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  #27  
Old 12-10-2008, 08:52 PM
bigviclbi bigviclbi is offline
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HMMM...... volume with smaller margins. Wal-mart works that way and they are doing alright. But $6.00 a square foot hurts, we have that around here as well. For large jobs you definately can find ways to reduce costs, sometimes by hiring an excavator who can get in and out more quickly than you especially now when they are so slow. Price is gonna play a big part in things this year, i always give a price with techo and a cheaper substitute just so people know the quality of pavers makes a difference in price.
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  #28  
Old 12-11-2008, 12:00 PM
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Dreams To Designs Dreams To Designs is offline
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TJ, how was the workmanship and the edging?

It's not just volume, but also efficiency. What it costs to actually perform the installation can be more important than the cost of materials. We all know how important having the right tool is, when you do primarily paver and SRW work, you usually own the right tools. Your labor will be experienced and be able to move quickly and effectively with lots of practice. If you had a crew and the equipment to install a 400sqft walkway or patio in a day, rather than two or three, realize the savings in labor. And that crew handles another job or two in the next day or two.

Quality can suffer at these rates if you are rushed and you don't follow the basic guidelines. Another factor is the quality of the paver, not all inexpensive pavers are bad. Often they are simple shapes and colors and can be laid in quick, tight patterns with minimal cutting.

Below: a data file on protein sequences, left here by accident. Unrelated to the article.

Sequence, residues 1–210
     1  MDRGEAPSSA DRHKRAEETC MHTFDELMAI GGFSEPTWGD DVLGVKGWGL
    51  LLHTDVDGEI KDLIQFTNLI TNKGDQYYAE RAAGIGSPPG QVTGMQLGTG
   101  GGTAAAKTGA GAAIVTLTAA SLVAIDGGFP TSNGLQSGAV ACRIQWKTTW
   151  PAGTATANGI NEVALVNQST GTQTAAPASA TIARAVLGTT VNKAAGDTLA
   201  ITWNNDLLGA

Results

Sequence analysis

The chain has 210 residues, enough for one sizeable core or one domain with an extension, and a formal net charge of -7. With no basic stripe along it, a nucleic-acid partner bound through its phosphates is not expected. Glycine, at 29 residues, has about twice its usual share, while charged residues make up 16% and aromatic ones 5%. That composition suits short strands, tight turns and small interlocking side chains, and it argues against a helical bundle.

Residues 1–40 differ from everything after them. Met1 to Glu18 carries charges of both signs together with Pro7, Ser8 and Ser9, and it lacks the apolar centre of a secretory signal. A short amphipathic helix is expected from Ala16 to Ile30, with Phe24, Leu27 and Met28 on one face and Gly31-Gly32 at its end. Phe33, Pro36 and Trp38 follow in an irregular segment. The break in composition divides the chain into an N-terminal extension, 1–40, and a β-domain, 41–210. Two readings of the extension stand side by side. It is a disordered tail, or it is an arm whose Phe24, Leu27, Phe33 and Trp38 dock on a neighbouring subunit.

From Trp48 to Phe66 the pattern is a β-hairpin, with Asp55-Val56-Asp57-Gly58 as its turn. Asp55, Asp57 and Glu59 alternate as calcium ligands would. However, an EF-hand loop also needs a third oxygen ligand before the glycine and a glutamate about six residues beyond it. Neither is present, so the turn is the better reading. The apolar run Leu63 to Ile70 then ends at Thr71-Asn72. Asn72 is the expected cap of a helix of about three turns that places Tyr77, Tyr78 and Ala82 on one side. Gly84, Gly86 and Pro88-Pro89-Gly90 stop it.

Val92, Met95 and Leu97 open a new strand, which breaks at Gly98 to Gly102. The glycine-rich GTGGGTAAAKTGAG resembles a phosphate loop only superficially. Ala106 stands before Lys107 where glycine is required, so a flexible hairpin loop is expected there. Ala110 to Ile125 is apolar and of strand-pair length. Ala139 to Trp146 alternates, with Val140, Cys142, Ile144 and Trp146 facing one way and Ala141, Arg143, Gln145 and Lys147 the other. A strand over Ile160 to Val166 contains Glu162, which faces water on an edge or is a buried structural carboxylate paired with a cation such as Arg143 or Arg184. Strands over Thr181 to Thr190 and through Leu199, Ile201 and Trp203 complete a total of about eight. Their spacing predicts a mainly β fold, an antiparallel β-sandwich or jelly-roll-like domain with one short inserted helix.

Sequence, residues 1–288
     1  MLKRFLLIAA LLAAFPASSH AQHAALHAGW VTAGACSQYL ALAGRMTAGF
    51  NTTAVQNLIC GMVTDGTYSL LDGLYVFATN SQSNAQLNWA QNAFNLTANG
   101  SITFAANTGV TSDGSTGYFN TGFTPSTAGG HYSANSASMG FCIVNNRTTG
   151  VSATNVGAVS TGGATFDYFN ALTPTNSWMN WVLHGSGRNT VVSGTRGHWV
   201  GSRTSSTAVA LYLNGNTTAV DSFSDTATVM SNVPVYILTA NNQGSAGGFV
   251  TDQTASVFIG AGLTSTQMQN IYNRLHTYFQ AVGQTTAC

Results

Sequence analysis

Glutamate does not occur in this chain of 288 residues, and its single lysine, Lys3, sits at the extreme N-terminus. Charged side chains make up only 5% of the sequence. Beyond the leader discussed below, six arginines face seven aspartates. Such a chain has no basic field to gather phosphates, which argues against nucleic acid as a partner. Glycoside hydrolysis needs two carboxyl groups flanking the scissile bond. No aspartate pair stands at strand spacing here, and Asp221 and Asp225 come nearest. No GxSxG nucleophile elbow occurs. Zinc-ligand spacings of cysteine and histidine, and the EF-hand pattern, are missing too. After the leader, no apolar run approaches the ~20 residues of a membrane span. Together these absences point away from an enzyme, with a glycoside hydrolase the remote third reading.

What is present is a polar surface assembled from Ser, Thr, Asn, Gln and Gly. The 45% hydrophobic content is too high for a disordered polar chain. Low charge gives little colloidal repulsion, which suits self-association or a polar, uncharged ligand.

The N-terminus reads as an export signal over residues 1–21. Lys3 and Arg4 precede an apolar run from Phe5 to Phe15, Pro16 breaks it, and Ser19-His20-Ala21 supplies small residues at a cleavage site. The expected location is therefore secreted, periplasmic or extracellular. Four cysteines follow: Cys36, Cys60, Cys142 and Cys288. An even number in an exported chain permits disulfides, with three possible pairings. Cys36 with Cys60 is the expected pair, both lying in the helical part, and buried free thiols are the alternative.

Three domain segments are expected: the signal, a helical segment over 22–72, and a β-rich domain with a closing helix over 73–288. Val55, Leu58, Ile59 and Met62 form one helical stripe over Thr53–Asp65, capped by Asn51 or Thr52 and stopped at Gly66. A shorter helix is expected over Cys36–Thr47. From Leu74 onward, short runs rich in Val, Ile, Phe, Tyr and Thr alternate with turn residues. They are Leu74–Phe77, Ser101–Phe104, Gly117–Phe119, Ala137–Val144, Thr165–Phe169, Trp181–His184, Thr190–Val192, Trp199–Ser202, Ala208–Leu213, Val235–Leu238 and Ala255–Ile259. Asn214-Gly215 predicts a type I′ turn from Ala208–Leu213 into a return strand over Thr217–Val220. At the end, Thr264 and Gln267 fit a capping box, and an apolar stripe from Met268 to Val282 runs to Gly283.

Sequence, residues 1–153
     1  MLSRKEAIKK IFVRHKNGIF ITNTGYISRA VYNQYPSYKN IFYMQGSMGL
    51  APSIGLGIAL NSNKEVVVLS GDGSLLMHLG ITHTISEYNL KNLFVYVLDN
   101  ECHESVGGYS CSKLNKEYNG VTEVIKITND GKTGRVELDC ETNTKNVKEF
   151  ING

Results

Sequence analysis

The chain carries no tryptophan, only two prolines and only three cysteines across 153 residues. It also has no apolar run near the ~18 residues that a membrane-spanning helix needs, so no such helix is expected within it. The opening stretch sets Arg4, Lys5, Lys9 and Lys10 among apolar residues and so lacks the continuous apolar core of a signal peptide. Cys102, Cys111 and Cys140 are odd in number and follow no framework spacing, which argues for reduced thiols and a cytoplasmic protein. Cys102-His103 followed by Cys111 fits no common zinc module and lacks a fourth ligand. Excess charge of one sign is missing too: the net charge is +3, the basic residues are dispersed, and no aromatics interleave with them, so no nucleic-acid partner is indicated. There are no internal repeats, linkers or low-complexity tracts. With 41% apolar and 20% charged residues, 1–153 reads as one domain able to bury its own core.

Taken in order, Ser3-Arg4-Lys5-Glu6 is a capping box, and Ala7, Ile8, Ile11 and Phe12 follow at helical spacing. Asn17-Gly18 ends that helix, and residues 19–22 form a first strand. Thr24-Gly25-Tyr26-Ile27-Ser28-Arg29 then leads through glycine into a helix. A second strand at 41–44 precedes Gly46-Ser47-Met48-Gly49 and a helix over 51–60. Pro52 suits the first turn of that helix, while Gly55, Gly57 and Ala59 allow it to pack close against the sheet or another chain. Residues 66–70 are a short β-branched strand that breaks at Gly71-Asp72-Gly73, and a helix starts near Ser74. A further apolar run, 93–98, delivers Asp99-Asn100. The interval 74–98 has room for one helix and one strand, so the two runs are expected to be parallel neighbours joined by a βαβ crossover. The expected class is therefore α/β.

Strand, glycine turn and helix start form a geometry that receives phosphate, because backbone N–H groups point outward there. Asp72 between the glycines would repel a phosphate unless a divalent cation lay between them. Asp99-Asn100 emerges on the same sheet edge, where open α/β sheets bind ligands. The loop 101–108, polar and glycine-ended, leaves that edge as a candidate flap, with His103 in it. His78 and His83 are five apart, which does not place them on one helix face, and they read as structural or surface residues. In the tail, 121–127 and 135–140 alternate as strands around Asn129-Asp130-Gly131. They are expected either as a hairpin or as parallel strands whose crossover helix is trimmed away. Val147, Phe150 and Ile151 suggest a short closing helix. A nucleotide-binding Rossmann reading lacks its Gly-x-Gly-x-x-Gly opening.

I could never imagine doing that kind or work or specifying it, as my advised average is double the numbers in question. Clients should be happy when the job is finished and still have a sustainable hardscape many years from now.

Kirk
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  #29  
Old 12-11-2008, 03:41 PM
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TPendagast TPendagast is online now
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Efficency has very little to do with $6 psf.

In most cases the major product alone is 2-3$ psf (the paver). then you factor in excavation, prep and base eeeeek!

From what ive seen, the larger driveway type jobs get pounded out these days by companies with a min ex and an attachment that picks up an entire row of pavers at a time (essentially laying a 4x4 square at once).